We hold women to ridiculously high and narrow standards in our society. Unless you look like a fashion model, have a successful career, are in an ideal relationship, raise flawless children, live in an immaculate home, and devote your spare time to community service, you’re not accomplishing as much as you “should.” That message is everywhere in popular culture, and it’s positively brutal. 

The remedy, I think, is for women to recognize that “perfection” is the last thing we can, or should, strive toward. Rushing around trying to juggle all of those demands is a wretched way to live. Learning to appreciate our “imperfections” as the things that make us uniquely precious isn’t always easy, but it allows for a much more comfortable and happy life. It’s also better from a spiritual perspective. Perfectionism strangles gratitude, and being genuinely grateful for our imperfectly beautiful selves is a huge first step toward entering into a loving relationship with the Divine.         

In your plot, Kate loses her job over a seemingly small lie. Why do you think lying is so pervasive among people when, as one of the archangels says, “…it always gets them into so much trouble?”

People most often lie because they’re terrified of the consequences of telling the truth. A lot of the time, there’s reason for that fear. Going back to the perfectionism that poisons so much of our society, I’m concerned that we’ve reached the point where even a minor mistake can ruin a person’s life. Kate’s lie was relatively insignificant, but I’ve seen people lose jobs over less. If we want people to stop lying, we have to make it safer for them to tell the truth. Yes, hold people accountable for their mistakes, but keep those mistakes in perspective and make sure that the consequences don’t become too severe.

With help from many angels, Kate leaves the practice of law and discovers her divine destiny. Do you believe we all have a destiny that is mapped out for us? 

I don’t believe that anyone has a predetermined “divine destiny,” because that would make us nothing more than pieces on a game board. As beings with free will, we make choices that are more or less consistent with our better selves, and the choices that bring out the best in us are, in my opinion, the choices that lead us to our best destinies. It can be very tempting to pursue things like power, money and fame just to have them. There’s nothing inherently wrong with those things, but it’s important to remember that we literally pay for them with our lives. If we’re miserable, they just aren’t worth the price.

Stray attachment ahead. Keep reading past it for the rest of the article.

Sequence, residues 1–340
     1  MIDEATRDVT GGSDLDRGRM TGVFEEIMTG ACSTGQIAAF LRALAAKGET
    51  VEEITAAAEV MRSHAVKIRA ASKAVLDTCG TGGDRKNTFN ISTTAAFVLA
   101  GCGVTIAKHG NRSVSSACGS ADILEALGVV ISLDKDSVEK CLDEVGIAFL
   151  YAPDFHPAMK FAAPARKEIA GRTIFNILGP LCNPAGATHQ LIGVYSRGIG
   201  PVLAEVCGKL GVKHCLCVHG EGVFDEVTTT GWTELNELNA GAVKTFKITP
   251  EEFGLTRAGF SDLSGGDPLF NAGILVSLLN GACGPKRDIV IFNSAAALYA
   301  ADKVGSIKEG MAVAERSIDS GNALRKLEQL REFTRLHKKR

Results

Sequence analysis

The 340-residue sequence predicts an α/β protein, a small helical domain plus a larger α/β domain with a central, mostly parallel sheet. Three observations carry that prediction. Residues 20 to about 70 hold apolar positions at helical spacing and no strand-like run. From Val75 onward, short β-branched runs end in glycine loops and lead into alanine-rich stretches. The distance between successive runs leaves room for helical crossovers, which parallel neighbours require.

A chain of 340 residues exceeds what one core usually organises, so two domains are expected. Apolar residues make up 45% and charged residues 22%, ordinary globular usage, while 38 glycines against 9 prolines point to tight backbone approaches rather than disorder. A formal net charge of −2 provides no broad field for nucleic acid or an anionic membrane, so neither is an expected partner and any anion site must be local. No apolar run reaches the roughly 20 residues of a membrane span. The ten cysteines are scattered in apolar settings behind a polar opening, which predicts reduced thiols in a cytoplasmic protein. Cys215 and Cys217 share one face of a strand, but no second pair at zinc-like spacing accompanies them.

Your protagonist gets a lot of angelic help in finding her true life’s work. How do you think one can best find meaning and purpose in their lives?

It starts, I think, with recognizing that meaning and purpose can come from many sources. What makes you genuinely happy? Anything you do that leaves you feeling as though your time was well spent is a step in the right direction, whether it’s building a skyscraper, reading to a child, singing a song, petting an animal, saying a prayer, writing to your Congress member, or calling your grandmother. Maybe you want to make the world a better place, or maybe you just want to enjoy some time alone or with someone you love. Maybe it’s what you do for a living, or maybe it’s what you do when you’re not at your “day job.” Each of us only has so much time in this life. Spending it in a way that seems meaningful to you is important enough that it’s worth devoting enough time to figuring out how you really want to spend the rest of it.